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Cowboys' Greg Hardy confronts assistant coach, argues with Dez Bryant during loss to Giants

Greg Hardy #76 of the Dallas Cowboys celebrates

Greg Hardy #76 of the Dallas Cowboys celebrates after sacking Eli Manning #10 of the New York Giants during an NFL game at MetLife Stadium on Sunday, Oct. 25, 2015. Credit: Mike Stobe

Cowboys defensive end Greg Hardy was involved in a sideline incident in which he confronted special-teams coach Rich Bisaccia and also argued with wide receiver Dez Bryant during the fourth quarter of Sunday's 27-20 loss to the Giants at MetLife Stadium.

Moments after Giants kick returner Dwayne Harris scored what turned out to be the winning touchdown on a 100-yard kickoff return midway through the fourth quarter, an irate Hardy went into the special-teams huddle. In video shown Sunday night by NBC, he could be seen swiping at Bisaccia's clipboard before the coach put both hands on his chest and tried to push him out of the huddle. At that point, other players pulled Hardy away.

Shortly after that, Bryant, who was not playing because of a foot injury, argued with Hardy in an apparent attempt to get the defensive end away from the situation.

"He wanted to get in there and kind of get after some of the guys a little bit, maybe get them fired up," Bisaccia told reporters for The Dallas Morning News and Fort Worth Star-Telegram. "It was just not the right time. It's really not an issue. I just had to communicate what we were going to do next on the return, so I just really wanted him to move on so we could get going."

Hardy was asked by reporters about the incident but said he had no comment.

Cowboys owner Jerry Jones and coach Jason Garrett downplayed the incident and expressed support for Hardy.

Jones said he did not see the altercation but indicated he had no problem with Hardy when the incident was described to him.

"As a matter of fact, I would encourage it," Jones said. "[Hardy] is of course one of the real leaders on this team and he earns it. He earns it with the respect from all of his teammates. That's the kind of thing that inspires. You watched him warm up out there and he was inspirational nothing but warming up. He was ready to play. He's just getting guys ready to play, in my view. I don't have any issue with him being involved in motivating or pushing in any part of the football team because he plays and walks the walk."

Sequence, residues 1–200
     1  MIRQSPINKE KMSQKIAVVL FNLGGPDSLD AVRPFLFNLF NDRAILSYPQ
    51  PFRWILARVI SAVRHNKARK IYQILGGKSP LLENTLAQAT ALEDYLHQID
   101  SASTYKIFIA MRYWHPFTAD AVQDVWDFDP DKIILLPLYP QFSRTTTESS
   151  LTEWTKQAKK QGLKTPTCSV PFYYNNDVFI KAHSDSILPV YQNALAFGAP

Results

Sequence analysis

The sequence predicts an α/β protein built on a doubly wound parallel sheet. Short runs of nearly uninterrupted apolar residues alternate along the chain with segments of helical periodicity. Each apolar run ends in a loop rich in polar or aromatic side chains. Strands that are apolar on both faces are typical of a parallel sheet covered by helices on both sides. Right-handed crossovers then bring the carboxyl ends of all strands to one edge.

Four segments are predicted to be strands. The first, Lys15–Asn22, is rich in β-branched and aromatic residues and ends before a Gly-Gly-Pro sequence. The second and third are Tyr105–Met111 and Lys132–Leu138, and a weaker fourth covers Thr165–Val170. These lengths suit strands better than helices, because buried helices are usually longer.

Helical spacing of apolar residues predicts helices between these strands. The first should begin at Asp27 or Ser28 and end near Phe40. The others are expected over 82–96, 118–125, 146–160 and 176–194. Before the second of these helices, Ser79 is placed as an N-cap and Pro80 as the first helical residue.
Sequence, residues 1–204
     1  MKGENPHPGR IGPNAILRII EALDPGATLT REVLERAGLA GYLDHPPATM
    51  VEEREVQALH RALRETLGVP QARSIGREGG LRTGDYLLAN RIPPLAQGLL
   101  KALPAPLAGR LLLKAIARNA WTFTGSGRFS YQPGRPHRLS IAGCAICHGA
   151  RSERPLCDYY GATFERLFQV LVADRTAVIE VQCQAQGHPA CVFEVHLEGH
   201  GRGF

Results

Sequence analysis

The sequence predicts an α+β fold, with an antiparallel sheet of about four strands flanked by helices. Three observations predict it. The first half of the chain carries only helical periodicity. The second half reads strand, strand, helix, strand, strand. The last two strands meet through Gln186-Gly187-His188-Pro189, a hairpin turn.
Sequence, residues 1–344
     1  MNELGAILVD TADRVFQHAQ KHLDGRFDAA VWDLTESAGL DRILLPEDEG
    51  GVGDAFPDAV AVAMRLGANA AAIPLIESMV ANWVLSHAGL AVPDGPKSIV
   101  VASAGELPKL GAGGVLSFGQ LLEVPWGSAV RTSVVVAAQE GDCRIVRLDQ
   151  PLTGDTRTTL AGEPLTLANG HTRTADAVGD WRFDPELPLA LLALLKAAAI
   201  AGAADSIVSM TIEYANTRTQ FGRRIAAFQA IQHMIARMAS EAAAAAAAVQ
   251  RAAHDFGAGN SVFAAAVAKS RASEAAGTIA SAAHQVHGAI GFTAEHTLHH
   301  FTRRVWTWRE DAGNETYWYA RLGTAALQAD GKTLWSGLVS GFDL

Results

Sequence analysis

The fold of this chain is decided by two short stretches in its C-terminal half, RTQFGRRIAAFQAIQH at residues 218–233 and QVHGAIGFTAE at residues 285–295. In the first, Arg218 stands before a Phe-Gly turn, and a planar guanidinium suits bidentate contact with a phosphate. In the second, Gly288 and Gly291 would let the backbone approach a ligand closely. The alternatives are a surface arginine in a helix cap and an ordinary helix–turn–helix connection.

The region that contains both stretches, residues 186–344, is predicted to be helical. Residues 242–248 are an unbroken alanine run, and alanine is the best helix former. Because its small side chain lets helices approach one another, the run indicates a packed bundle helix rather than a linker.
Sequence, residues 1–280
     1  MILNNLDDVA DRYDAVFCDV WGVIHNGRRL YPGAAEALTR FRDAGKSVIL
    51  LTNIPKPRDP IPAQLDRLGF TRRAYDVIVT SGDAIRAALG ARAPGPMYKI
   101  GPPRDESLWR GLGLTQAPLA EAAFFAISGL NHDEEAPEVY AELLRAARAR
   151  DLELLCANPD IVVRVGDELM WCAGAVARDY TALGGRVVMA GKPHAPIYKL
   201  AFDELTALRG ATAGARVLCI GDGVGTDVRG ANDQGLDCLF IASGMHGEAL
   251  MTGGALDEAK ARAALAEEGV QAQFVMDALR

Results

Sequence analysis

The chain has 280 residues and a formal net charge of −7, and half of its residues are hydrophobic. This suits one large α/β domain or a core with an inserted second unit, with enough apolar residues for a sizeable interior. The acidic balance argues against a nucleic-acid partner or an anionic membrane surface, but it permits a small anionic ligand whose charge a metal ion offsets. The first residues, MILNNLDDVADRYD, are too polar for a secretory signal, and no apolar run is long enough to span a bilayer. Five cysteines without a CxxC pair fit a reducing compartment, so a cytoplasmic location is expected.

Garrett said he thought Hardy was trying to fire up the special-teams unit.

"I was standing right there," said Garrett, whose team fell to 2-4 with its fourth straight loss. "To be a good football player and a good football team, you have to have passion and put it all out there. Sometimes in a game, things don't go well and you have a response. A pro football coach and a pro football team understand that those things happen. You want the guys with passion."

Safety Danny McCray, a member of the unit, told The Associated Press that Hardy "pushed me a little bit." But he also told reporters that Hardy "is such a passionate player. He's all over the place. He's in the defensive huddle, the offensive huddle and today, he made our special-teams huddle. He was showing his passion that we gave up the lead and we needed to fix it. It's football. Those guys love each other, and we'll get in meetings tomorrow and talk it over. [Hardy] was just trying to get us fired up."

Hardy signed with the Cowboys in March after being convicted last year of assaulting his then-girlfriend and communicating threats to her. The charges were dismissed in February after prosecutors could not locate his former girlfriend to testify.

Hardy was suspended for 10 games by the NFL for conduct detrimental to the league, and the suspension later was reduced to four games.


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